“I have offended you,” he said, watching Miriel closely as they walked down one of the third floor corridors. “That was not my intention.” Erestor attempted to explain himself. “I know that life must be difficult for you. To go from living the life of a princess to that of a hunter in the wilds - that has to have a lasting effect on you.” The Councilor sighed, thinking that he was probably making the situation worse. “I admire you and all that you do,” he confessed. “You have achieved so much in your young life. It’s quite remarkable when you think about it.”

Miriel could feel the heat rushing to her cheeks. “It’s really no big deal.”

Erestor’s smile widened. “Warriors are not usually known for their modesty.”

“I’m sure there are some that would beg to differ with you on that.”

“Here we are,” said Erestor, stopping outside the double-doors to Glorfindel’s quarters. “Perhaps we can chat again, before you leave.”

“Sure,” replied Miriel, offering the Councilor a quick smile. “Thanks for the escort.”

“My pleasure.” Erestor then turned and started down the hallway.

Miriel watched until he disappeared around the corner. She gad found their conversation to be very strange and was relieved that it was over. She knocked on the ornately-carved door.

A few seconds later, the door opened and there stood Glorfindel with his pocket watch in hand. “You’re late.”

“Sorry. I was - ”

“ - With Elladan and Elrohir. Yes, I know,” he said, finishing her sentence. He swung the door open further. “Come in. Come in.”

The moment Miriel stepped into what appeared to be Glorfindel’s sitting room, her jaw dropped and her eyes widened. The room was the most opulent she had seen in Rivendell thus far. What really grabbed her attention immediately was the dome-shaped ceiling. Emeralds, carved in the shape of leaves, mirroring a treetop, covered the entire ceiling and the upper portion of the light-wood colored, paneled walls. The lamplight reflected on the gemstones, bedazzling the eyes. A mammoth pillar, constructed from the same wood as the walls, stood prominently in the center of the room, carved in the likeness of a tree trunk. “Branches” forked out from the pillar near the ceiling, creating the illusion that one had stepped under a magnificent canopy of glittering green leaves. Arched windows that stretched from floor to ceiling formed the entire wall to her left. A set of glass double doors led to a balcony, which overlooked the grounds at the front of the house.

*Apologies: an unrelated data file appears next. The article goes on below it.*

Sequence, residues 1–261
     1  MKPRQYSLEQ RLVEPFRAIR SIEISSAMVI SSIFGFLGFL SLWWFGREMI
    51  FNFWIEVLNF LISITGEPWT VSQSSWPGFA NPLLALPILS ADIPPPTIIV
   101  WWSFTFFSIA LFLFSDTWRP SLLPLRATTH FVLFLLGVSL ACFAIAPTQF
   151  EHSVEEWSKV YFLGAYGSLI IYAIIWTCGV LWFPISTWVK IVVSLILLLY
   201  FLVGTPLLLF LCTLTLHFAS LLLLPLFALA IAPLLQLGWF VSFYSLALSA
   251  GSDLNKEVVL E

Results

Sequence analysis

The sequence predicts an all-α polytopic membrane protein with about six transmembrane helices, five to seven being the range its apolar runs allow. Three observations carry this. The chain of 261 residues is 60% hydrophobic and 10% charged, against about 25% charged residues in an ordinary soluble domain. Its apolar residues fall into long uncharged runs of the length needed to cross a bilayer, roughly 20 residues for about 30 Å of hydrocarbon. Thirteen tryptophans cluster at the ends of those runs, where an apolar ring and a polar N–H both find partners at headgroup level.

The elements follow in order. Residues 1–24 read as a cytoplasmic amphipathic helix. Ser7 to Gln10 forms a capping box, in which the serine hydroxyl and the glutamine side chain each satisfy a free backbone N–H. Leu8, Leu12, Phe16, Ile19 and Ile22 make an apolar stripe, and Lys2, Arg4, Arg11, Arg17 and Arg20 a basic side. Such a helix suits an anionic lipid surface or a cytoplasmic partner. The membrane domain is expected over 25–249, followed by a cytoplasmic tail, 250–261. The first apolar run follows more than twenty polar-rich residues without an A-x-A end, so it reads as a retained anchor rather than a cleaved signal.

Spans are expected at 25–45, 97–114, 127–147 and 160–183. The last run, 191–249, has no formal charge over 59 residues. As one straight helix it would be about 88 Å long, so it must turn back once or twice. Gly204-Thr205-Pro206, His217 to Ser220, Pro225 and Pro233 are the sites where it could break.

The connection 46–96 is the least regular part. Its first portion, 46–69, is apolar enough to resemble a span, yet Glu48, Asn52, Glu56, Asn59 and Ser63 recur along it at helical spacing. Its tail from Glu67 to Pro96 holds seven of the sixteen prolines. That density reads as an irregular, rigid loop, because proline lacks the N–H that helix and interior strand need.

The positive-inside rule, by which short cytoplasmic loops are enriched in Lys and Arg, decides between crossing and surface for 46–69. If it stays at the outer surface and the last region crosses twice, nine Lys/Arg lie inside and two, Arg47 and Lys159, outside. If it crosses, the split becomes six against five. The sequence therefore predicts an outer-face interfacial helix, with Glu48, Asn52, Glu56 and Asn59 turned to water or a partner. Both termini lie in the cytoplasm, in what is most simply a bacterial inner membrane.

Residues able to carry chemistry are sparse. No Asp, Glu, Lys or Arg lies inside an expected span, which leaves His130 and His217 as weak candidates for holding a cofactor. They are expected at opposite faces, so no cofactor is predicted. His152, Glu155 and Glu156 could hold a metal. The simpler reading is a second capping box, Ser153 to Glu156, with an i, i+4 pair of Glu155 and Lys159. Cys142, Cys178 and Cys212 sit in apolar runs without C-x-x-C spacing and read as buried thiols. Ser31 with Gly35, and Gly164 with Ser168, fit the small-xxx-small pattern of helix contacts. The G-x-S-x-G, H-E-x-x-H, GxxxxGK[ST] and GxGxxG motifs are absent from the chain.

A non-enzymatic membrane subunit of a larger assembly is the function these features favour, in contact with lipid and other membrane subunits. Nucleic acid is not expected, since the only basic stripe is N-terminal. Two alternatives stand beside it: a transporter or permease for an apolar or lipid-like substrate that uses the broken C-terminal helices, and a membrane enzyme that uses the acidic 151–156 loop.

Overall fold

On the opposite wall was the fireplace, framed in green marble. An intricately carved mantle hung above, shaped into the likeness of flowers and ivy intertwined in contrasting tones of wood. It was exquisite! A painting of some cityscape unknown to the Slayer hung over the mantle, the details quite impressive. A green and gold striped couch sat before the fireplace, flanked by a green winged-back chair to the left, and one in gold to the right. A coffee table, the legs carved into the shapes of forest animals (squirrels and rabbits), sat before the sofa. There were a few leather-bound books and a handheld golden harp lying on the surface.

“I take it you like it,” said Glorfindel, a pleasing smile on his handsome face.